WASHINGTON-Democrats have spent this week arguing that the clock is ticking on two of the biggest issues before Congress this summer: health care reform and the confirmation hearings for Supreme Court nominee Sonia Sotomayor.
But as Democratic leaders set deadlines for tackling both big ticket items, Republicans have wasted no time in firing back that they need more time.
It looks like the summer showdowns in Congress will feature Democrats pushing forward on major changes they say the country needs as Republicans push back. But it can't quite be called the unstoppable force versus the immovable object, because Democrats enjoy large enough congressional majorities to eventually bypass their Republican colleagues.
But those Republicans have made it quite clear so far this week that their voices will be heard in both revamping health care and remaking the Supreme Court. Even if they lose the actual congressional votes, they hope to win the public debate.
To that end, since returning from their Memorial Day recess, Congressional Republicans are pursuing a new theme: that the Democrat-backed health care reform proposals are bad for the country and should not be rushed.
With a self-imposed deadline to have a health care bill drafted by August, Democrats hope to pass the legislation in September. But Republicans are arguing that the health care reform train is leaving the station too fast. Overhauling what amounts to one-sixth of the nation's economy should not be subjected to arbitrary deadlines, Republicans have said. It is a statistic GOP lawmakers have repeated numerous times this week.
Sen. John Thune, R-S.D., said Republicans haven't even seen a health care bill yet. Americans, he added, are getting increasingly worried about any reform that includes a government-run insurance option in light of the growing government takeovers of other industries like banks and automobiles.
"There is growing concern about the way in which and the speed in which the government is taking over our economy," he said.
Meanwhile, the Senate Judiciary Committee this week set a July 13 start date for the confirmation hearings of Supreme Court nominee Sonia Sotomayor. This puts Sotomayor, seeking to become the nation's first Hispanic justice, on the fast track for confirmation. The hearings likely would last several days and be followed by a full Senate vote on her nomination.
"There is no reason to unduly delay consideration of this well-qualified nominee," said Committee Chairman Patrick Leahy, D-Vt., speaking on the Senate floor. "In selecting this date I am trying to be fair to all concerned. I want to be fair to the nominee and allow her the earliest possible opportunity to respond to the attacks made about her character."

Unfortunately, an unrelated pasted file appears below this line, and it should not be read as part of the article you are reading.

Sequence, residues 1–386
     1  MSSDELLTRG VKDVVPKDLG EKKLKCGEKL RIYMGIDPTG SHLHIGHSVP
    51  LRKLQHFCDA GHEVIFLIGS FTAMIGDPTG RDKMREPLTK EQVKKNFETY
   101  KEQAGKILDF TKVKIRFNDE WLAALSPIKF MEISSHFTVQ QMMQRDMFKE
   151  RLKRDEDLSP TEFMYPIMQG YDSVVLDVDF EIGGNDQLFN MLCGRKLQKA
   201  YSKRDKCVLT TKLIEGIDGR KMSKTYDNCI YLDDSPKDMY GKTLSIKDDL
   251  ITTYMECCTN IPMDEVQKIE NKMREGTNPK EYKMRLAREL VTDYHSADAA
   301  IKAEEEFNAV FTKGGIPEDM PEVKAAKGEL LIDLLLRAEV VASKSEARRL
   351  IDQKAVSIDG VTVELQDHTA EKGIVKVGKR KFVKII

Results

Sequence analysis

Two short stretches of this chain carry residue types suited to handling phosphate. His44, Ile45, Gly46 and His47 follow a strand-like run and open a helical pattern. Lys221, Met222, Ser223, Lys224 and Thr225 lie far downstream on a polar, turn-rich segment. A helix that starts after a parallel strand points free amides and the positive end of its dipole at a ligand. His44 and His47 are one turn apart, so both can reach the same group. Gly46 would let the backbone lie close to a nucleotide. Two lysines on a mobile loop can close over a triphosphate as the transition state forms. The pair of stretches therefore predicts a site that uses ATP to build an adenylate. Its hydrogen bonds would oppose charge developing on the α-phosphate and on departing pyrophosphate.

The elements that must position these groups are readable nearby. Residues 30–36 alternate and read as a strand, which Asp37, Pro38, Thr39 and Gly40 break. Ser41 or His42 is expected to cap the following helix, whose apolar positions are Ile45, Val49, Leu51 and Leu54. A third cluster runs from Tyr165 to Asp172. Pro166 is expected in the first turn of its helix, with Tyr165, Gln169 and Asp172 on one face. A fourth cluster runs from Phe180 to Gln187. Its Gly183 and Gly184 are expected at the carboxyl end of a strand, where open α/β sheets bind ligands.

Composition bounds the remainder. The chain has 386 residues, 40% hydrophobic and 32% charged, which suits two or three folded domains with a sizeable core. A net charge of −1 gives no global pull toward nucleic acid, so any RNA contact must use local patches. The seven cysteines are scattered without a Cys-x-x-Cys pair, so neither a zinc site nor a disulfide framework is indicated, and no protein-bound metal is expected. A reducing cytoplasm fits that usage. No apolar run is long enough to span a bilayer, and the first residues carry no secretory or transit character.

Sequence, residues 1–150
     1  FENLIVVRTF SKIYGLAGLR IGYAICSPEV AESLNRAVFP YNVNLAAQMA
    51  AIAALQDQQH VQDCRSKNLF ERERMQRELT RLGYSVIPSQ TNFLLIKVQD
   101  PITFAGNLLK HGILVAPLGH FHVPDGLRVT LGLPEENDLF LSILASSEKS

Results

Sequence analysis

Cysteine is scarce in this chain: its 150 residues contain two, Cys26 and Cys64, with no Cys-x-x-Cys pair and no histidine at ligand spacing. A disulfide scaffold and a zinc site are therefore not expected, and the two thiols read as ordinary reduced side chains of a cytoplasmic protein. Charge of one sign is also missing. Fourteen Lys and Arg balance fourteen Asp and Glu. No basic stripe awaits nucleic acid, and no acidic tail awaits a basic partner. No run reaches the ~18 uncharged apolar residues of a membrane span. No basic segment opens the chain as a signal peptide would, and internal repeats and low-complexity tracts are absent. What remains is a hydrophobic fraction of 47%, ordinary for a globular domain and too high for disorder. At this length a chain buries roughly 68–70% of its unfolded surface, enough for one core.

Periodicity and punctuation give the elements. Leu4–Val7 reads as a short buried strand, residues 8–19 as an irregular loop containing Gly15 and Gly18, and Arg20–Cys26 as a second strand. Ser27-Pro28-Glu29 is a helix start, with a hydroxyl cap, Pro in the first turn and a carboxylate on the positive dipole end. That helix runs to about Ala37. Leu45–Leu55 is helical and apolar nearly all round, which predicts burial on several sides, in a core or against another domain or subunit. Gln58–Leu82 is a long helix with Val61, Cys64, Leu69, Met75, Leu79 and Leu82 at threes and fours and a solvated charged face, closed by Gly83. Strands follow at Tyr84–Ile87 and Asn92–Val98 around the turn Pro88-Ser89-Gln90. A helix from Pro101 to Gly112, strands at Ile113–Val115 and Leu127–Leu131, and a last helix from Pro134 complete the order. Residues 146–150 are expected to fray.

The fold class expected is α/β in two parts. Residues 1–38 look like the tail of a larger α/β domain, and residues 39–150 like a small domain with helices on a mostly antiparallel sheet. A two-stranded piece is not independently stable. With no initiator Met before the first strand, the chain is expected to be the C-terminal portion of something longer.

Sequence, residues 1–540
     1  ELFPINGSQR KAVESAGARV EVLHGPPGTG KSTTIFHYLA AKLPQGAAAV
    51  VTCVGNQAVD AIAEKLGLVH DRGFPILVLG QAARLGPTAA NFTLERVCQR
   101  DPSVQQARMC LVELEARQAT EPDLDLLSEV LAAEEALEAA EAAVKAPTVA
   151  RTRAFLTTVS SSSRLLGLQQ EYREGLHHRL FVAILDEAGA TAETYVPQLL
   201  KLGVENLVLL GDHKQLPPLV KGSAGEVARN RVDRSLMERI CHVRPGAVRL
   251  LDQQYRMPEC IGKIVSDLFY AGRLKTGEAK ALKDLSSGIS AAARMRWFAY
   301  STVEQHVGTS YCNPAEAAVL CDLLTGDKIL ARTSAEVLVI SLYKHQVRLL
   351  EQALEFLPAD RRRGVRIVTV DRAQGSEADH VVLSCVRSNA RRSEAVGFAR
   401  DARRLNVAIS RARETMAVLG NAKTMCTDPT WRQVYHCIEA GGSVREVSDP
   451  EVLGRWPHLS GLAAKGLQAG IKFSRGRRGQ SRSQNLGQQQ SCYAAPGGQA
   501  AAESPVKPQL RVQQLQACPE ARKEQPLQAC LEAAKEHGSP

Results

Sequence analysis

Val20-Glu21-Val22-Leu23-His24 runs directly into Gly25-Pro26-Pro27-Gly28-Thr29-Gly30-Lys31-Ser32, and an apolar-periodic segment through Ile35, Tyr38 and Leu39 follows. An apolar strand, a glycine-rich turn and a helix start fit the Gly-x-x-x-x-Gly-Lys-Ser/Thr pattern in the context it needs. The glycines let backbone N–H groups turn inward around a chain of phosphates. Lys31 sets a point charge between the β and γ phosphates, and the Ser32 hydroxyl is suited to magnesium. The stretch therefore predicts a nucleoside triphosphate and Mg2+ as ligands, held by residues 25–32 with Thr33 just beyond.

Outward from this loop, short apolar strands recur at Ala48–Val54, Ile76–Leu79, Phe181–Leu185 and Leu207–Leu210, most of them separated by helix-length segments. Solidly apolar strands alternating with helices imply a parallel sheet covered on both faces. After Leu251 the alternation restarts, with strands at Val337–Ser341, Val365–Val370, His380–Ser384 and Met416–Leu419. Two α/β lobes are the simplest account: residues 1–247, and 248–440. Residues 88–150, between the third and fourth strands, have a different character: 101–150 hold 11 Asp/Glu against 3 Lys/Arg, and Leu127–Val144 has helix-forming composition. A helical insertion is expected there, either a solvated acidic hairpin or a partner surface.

In his speech, Leahy made indirect reference to former House Speaker Newt Gingrich's remarks on Twitter, late retracted, calling Sotomayor racist.
Sotomayor, currently a judge on a New York-based U.S. Court of Appeals, is under fire by conservatives for her rejection of a New Haven, Conn., firefighters' lawsuit charging reverse discrimination. The firefighters sued when officials threw out the results of written promotion tests because no African-Americans qualified. The case, Ricci v. DeStefano, is now before the U.S. Supreme Court.
An early hearing date is exactly what Senate Republicans have long said they do not want. Many have said they do not think a hearing could be done before the August recess. So moments after Leahy made his announcement, Republicans lashed the confirmation dates onto their talking points memo that the Democrats are moving too fast.
"I think this rush is ill-advised," said Sen. Jeff Sessions, the Republican from Alabama charged with leading the minority side during the hearings.
But, in naming the July start date, Democrats said they are following recent historical precedent. Senate Majority Leader Harry Reid argued that the schedule follows the timeline used when the Senate considered the nomination of John Roberts to the Supreme Court in 2005. The Senate confirmed Chief Justice Roberts in 72 days. To track that schedule Sotomyor's nomination vote should occur before the start of the Senate's August recess.
Reid told reporters at the Capitol that delaying Sotomayor's nomination until the fall would make it the longest wait time for a Supreme Court nominee in history.
"There's no reason this can't be done," Reid said. "If [Republicans] want to take more time in the history of the country for a nominee, then something is wrong."
Republicans quickly took to the Senate floor to protest the move. Sen. Jon Kyl, R-Ariz., a member of the Judiciary Committee, said Sotomayor has ruled on 10 times as many cases as Roberts did.
"The main goal is to have an adequate amount of time to look at her extensive record," said Senate Minority Leader Mitch McConnell of Kentucky.
Expect more of the same push and pull this summer from Congress. With Democrats playing offense and Republicans playing defense, Americans may think the sports pages have taken over their newspaper's political section. But with the congressional makeup currently skewed Democratic, the best strategy Republicans seem to have right now is to slow down what they are reluctant to admit may be inevitable.